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Denials at the House of Caiaphas

Denials at the House of Caiaphas

Upon Jesus’ being arrested in the garden of Gethsemane, the apostles abandon him, fleeing in fear. However, two of them stop their flight. They are Peter “as well as another disciple,” evidently the apostle John. (John 18:15; 19:35; 21:24) They may catch up with Jesus as he is taken to the home of Annas. When Annas sends Jesus to High Priest Caiaphas, Peter and John follow at a distance. They are likely torn between fear for their own lives and concern for what will happen to their Master.

John is known to the high priest and is thus able to gain entrance into the courtyard at Caiaphas’ house. Peter remains outside at the door until John returns and speaks to a servant girl who is acting as doorkeeper. Then Peter is allowed to enter.

It is cold this night, so those in the courtyard have a charcoal fire burning. Peter sits with them to keep warm as he waits “to see the outcome” of Jesus’ trial. (Matthew 26:58) Now, in the light of the fire, the doorkeeper who let Peter in gets a better look at him. “You are not also one of this man’s disciples, are you?” she demands. (John 18:17) And she is not alone in recognizing Peter and accusing him of being with Jesus.​—Matthew 26:69, 71-73; Mark 14:70.

This greatly upsets Peter. He is trying to be inconspicuous, even withdrawing to the entryway. So Peter denies that he was with Jesus, at one point saying: “Neither do I know him nor do I understand what you are talking about.” (Mark 14:67, 68) He also starts to “curse and swear,” meaning that he is willing to take an oath that his words are true and to face calamity if they are not.​—Matthew 26:74.

Meanwhile, Jesus’ trial is in progress, apparently in a part of Caiaphas’ house that is above the courtyard. Peter and the others waiting below may see the comings and goings of various witnesses who are brought in to testify.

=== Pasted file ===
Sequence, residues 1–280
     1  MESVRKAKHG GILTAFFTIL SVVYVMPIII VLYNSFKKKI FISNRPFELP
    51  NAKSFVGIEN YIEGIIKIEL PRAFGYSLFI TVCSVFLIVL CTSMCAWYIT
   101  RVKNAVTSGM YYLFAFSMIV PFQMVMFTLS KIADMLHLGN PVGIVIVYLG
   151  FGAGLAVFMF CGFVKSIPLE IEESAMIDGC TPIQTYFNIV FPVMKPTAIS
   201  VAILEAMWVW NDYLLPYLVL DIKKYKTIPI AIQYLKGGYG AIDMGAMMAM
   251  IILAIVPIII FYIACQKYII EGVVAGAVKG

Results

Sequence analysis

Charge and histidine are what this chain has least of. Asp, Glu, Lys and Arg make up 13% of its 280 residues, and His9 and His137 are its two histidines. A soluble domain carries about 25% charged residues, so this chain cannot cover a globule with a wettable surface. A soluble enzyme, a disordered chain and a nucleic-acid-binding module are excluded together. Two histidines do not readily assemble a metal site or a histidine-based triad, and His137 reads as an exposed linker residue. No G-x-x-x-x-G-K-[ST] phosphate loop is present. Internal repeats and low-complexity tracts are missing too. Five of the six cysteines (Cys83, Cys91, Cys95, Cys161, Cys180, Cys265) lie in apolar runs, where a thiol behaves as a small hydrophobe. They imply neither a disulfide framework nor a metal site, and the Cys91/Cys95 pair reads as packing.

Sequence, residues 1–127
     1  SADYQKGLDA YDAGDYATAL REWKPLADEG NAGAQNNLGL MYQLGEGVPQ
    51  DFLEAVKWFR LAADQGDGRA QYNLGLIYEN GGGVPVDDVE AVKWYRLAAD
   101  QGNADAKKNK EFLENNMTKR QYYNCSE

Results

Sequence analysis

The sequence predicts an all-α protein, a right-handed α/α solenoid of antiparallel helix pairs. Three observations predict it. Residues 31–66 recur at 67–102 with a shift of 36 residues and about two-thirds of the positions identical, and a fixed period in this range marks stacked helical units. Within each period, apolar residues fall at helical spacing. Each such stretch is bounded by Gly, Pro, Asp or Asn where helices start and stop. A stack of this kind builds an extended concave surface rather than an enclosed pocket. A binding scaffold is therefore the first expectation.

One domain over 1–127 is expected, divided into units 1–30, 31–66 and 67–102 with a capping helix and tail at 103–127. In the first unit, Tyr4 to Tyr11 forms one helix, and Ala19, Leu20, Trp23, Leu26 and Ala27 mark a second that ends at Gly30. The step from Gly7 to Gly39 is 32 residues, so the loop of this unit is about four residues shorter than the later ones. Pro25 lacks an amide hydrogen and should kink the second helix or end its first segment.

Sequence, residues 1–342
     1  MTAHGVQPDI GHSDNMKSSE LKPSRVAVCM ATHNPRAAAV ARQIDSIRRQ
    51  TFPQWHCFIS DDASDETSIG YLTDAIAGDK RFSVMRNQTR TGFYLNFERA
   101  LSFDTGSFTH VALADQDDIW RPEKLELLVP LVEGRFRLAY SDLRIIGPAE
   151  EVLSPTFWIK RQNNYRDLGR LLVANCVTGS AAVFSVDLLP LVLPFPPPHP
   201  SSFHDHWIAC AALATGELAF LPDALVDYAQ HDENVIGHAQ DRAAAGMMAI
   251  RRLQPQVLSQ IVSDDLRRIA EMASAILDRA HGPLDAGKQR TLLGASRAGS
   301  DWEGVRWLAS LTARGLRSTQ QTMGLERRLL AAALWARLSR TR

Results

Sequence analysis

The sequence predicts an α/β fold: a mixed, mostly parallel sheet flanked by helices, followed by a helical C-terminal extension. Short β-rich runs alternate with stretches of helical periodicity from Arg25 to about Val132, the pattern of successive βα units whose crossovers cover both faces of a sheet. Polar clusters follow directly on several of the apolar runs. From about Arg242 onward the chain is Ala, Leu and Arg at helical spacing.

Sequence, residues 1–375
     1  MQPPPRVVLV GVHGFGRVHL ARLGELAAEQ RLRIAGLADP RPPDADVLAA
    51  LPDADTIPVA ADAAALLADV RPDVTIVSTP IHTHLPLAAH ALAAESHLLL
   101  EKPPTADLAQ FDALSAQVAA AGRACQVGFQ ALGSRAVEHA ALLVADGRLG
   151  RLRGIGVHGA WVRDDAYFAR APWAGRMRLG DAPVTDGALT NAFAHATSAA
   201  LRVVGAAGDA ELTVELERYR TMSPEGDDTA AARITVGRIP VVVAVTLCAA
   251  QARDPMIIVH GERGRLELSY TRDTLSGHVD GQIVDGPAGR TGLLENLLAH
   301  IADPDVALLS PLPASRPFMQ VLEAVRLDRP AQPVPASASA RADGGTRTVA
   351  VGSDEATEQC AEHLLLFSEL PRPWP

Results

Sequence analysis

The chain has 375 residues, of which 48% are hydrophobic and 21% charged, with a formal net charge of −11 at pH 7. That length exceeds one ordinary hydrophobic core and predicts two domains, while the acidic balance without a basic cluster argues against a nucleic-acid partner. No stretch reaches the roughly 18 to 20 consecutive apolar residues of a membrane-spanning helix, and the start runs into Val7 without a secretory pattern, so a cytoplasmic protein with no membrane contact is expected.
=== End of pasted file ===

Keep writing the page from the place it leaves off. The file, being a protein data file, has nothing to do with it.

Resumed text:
Peter’s Galilean accent is an indication that his denial is false. Moreover, one in the group is related to Malchus, whose ear Peter cut off. So the charge is leveled against Peter: “I saw you in the garden with him, did I not?” When Peter denies this for a third time, a rooster crows, as was foretold.​—John 13:38; 18:26, 27.

At that point, Jesus apparently is on a balcony overlooking the courtyard. The Lord turns and looks straight at Peter, which must pierce Peter to the core. He recalls what Jesus said only a few hours earlier in the upper room. Imagine how Peter feels as the realization of what he has done crashes down on him! Peter goes outside and weeps bitterly.​—Luke 22:61, 62.

How could this happen? How could Peter​—who was so certain of his spiritual strength and loyalty—​deny his Master? Truth is being distorted, and Jesus is being depicted as a vile criminal. When Peter could have stood up for an innocent man, he turned his back on the very One who has “sayings of everlasting life.”​—John 6:68.

Peter’s tragic experience shows that even a person of faith and devotion can be thrown off balance if he is not properly prepared for unexpected trials or temptations. May what Peter went through serve as a warning to all of God’s servants!